Posts Tagged ‘carbon price’
Posted in Events by Kate Archdeacon on May 26th, 2011
|5 June , 2011|
|11:00 am||to||1:00 pm|
Over the next few weeks the Government will decide whether to be ambitious when setting their carbon price and investments in renewable energy, or whether to give in to the big polluters. As we’ve seen before, often the loudest voice wins. That’s where you come in. We have one thing the opponents of a carbon price don’t: people power. We’re joining with organisations that together represent over three million Australians to organise massive rallies across the country on June 5. But people power is like a muscle: if you don’t use it, you lose it. Can you join us on June 5 for a fun, family-friendly rally to say “yes” to a price on pollution and clean energy?
Come along to the family friendly National Day of Action and show the government that the Australian community supports real and effective action to solve climate change. You can RSVP on the Get Up site.
On June 5 – come along to the State Library of Victoria at 11am. Say ‘Yes’ to cutting carbon pollution and to a cleaner Australia!
Photo: Walk Against Warming, 2009, © Get Up! Action for Australia
Global Perspective: Implementing Carbon Pricing In A World Of Political Resistance And Evolving International Participation
Posted in Events by Kate Archdeacon on April 11th, 2011
|14 April , 2011|
|6:30 pm||to||8:00 pm|
Source: Grattan Institute
Carbon pricing is the ‘first among equals’ in a broad triad of climate policy mechanism for cutting CO2 emissions, but is also the most politically difficult. This talk will briefly review the role of carbon pricing, the debates between taxation and emissions trading as a way of achieving it, and some of the key lessons learned from the European Emissions Trading Scheme which is now in its seventh year. The talk will then focus on the concerns around carbon intensive sectors, and appropriate treatment of them that recognises the inevitably evolutionary nature of international participation, combined with the need for incentives to broaden international action.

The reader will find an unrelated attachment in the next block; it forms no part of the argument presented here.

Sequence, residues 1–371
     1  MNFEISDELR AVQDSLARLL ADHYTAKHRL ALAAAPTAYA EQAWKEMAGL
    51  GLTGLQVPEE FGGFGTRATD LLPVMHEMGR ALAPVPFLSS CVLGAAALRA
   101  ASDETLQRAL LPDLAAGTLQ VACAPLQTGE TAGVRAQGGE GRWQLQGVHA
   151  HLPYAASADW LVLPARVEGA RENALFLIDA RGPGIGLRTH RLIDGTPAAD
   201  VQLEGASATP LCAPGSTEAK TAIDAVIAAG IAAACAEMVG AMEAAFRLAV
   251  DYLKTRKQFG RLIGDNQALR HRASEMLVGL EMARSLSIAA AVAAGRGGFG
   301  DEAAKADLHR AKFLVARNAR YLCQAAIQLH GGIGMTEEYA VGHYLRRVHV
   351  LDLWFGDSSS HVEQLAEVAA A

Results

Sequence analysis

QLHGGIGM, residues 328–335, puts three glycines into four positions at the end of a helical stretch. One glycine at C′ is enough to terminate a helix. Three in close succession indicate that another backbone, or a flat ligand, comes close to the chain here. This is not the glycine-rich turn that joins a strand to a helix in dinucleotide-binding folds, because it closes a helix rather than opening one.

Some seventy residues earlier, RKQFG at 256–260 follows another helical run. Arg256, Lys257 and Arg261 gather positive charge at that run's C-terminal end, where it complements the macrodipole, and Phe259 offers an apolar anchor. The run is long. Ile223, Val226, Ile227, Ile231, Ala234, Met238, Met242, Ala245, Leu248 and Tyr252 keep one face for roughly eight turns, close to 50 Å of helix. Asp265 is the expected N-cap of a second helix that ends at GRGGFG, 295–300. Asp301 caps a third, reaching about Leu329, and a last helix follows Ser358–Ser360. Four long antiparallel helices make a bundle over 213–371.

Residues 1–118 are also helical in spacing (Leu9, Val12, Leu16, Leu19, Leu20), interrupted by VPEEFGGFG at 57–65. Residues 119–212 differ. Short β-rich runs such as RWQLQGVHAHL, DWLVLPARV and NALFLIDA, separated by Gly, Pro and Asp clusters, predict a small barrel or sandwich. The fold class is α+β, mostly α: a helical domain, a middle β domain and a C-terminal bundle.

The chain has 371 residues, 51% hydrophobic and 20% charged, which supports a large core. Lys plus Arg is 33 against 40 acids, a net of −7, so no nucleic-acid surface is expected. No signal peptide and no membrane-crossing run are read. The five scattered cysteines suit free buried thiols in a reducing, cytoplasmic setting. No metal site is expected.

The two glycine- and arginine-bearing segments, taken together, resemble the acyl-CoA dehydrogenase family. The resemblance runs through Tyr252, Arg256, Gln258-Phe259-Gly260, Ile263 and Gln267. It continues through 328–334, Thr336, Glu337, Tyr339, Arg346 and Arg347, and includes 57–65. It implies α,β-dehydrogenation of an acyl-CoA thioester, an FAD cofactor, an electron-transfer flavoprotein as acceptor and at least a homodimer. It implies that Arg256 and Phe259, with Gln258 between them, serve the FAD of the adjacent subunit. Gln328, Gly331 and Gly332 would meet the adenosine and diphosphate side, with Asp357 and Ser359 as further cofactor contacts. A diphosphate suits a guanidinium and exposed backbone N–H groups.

Speaker: Prof Michael Grubb, Chair of the international research organisation Climate Strategies, headquartered at Cambridge University where he is also a Senior Research Associate at the Faculty of Economics. He is a leading expert in industry competitiveness under the EU ETS and has been leading research on industrial competitiveness and carbon leakage for the last four years.
Panel: Prof Robyn Eckersley, University of Melbourne & Prof John Daley CEO, Grattan Institute
Thursday 14 April 2011 Registration at 6:15 pm Seminar 6:30 pm to 8:00 pm
Sidney Myer Asia Centre, Carrillo Gantner Theatre, The University of Melbourne
Cnr Swanston Street and Monash Road Carlton 3010
For further details and registration: http://grattaninstitute.eventbrite.com/
Source: Moreland Energy Foundation
Moreland Energy Foundation have released a bulletin on the Carbon Pricing debate (and upcoming Get Up rally) with the hope of clarifying some of the facts involved. Thanks MEFL!
Image of 2006 fuel prices from phatman via flickr CC
Both parties agree to 5%: Both parties have committed to reduce emissions by 5% by 2020.
It will cost to cut emissions: Any policy designed to reduce emissions will have a cost to the government (i.e. taxpayers) and/or the economy, at least in the short term. However, a carbon price also has potential to stimulate green industries and create new jobs.
What’s the best way to reduce emissions? If we cut through the media storm, the real question we and our Parliament should be asking is what is the best, most efficient, most effective way to reduce emissions.